A seminary professor (Fred Craddock) was vacationing with his wife in Gatlinburg, Tennessee. One morning, they were eating breakfast at a little restaurant, hoping to enjoy a quiet meal. While they were waiting for their food, they noticed a distinguished looking, white-haired man moving from table to table, visiting with the guests. The professor leaned over and whispered to his wife, "I hope he doesn’t come over here."
But sure enough, the man did come over to their table. "Where are you folks from?" he asked in a friendly voice.
"Oklahoma," they answered.
"Great to have you here in Tennessee," the stranger said. "What do you do for a living?"
"I teach at a seminary," he replied.
"Oh, so you teach preachers how to preach, do you? Well, I’ve got a really great story for you." And with that, the gentleman sat down at the table with the couple.
The professor groaned and thought to himself, Great…Just what I need…another preacher story!
The man pointed out the window and said, "See that mountain over there? Not far from the base of that mountain, there was a boy born to an unwed mother. He had a hard time growing up, because every place he went, he was always asked the same question, ’Hey, boy, Who’s your daddy?’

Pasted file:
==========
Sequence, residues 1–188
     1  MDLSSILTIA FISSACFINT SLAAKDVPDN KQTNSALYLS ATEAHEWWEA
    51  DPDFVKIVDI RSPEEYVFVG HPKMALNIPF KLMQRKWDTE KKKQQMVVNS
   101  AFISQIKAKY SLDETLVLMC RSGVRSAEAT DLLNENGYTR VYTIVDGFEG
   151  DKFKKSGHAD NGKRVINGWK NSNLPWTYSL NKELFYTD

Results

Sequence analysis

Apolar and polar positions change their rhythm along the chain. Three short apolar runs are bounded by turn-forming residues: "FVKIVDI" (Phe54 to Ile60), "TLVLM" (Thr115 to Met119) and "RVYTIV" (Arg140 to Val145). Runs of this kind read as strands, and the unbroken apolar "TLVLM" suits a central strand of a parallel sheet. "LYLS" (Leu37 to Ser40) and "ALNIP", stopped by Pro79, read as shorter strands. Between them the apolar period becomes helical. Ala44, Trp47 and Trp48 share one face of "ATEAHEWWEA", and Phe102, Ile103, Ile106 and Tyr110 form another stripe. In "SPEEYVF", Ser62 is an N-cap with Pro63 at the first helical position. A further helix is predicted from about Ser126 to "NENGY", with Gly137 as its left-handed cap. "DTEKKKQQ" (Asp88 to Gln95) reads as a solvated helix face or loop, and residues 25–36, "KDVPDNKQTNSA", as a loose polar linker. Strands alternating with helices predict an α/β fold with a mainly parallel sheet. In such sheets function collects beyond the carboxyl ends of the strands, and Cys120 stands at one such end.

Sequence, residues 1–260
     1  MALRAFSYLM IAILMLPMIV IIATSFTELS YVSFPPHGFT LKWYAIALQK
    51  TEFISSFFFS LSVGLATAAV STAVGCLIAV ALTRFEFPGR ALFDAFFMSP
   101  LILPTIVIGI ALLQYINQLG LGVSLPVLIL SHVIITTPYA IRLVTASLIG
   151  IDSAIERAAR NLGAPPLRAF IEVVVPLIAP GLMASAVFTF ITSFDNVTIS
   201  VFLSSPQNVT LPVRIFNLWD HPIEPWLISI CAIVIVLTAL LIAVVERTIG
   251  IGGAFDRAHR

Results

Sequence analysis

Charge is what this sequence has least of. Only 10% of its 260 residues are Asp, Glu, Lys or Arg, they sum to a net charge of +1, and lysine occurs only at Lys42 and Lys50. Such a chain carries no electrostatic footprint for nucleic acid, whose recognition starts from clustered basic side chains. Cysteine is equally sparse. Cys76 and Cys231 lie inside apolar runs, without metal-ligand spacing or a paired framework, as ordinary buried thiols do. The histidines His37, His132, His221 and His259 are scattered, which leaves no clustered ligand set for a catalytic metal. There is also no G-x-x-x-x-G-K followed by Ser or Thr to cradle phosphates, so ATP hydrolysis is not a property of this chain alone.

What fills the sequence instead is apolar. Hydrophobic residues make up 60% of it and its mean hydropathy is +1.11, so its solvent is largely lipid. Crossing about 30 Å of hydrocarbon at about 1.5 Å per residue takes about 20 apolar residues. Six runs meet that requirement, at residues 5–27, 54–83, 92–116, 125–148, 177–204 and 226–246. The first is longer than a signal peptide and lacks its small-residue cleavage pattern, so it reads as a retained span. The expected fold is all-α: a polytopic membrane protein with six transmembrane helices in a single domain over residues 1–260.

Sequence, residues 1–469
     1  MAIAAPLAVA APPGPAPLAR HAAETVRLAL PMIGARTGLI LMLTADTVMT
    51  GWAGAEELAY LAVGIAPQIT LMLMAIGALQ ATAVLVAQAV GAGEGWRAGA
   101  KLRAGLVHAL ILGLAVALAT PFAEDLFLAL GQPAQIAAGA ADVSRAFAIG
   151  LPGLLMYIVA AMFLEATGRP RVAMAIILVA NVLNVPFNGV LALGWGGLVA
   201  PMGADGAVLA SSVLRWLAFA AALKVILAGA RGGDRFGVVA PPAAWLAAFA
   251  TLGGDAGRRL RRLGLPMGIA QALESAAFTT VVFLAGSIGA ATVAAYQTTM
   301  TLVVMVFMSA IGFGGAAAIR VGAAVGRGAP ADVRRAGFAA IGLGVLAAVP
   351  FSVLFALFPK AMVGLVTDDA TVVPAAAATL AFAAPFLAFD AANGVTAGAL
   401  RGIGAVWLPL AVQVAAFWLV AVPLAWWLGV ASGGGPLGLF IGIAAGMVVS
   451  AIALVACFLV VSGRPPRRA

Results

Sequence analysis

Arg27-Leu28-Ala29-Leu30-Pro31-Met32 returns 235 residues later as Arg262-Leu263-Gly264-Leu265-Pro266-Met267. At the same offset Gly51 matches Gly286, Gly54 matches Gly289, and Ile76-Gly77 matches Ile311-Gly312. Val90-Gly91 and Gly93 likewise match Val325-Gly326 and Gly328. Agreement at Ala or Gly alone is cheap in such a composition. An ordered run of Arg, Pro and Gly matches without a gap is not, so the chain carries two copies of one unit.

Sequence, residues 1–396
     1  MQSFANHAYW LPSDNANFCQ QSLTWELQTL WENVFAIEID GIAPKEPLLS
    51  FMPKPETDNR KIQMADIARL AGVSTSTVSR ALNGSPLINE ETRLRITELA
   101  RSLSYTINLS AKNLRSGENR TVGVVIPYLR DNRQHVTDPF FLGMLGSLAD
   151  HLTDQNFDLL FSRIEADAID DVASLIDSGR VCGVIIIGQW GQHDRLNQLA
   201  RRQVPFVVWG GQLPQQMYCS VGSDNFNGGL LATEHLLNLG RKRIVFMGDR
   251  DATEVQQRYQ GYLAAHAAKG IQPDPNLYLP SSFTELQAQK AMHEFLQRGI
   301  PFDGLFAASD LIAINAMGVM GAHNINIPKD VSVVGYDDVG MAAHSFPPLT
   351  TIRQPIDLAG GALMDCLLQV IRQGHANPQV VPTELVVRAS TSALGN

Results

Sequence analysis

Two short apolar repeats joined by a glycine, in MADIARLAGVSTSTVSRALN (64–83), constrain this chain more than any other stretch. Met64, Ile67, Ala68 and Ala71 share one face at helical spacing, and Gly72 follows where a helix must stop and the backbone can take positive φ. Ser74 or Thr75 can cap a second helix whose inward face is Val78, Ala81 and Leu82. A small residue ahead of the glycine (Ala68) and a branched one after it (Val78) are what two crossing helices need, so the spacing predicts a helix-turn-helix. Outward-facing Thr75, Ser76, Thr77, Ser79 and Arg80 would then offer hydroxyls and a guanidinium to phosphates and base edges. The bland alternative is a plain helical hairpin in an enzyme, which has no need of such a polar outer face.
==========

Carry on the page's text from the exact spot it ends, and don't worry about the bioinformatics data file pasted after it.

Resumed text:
"Whether he was at school, in the grocery store or drug store, people would ask the same question, ’Who’s your daddy?’ He would hide at recess and lunchtime from other students. He would avoid going into stores because that question hurt him so bad.
"When he was about 12 years old, a new preacher came to his church. The boy would always go in late and slip out early to avoid hearing the question, ’Who’s your daddy?’ But one day, the new preacher said the benediction so fast he had to walk out with the crowd.
"Just about the time he got to the back door, the new preacher, not knowing anything about him, put his hand on his shoulder and asked him, ’Son, who’s your daddy?’
"The people around them got deathly quiet. Now everyone would finally know the answer to the question, ’Who’s your daddy?’ This new preacher, though, sensed the situation around him and used discernment that only the Holy Spirit could give.
"’Wait a minute’ he said. ’I know who you are. I see the family resemblance now. You are a child of God.’ With that he patted the boy on his shoulder and said, ’Boy, you’ve got a great inheritance. Go and claim it.’
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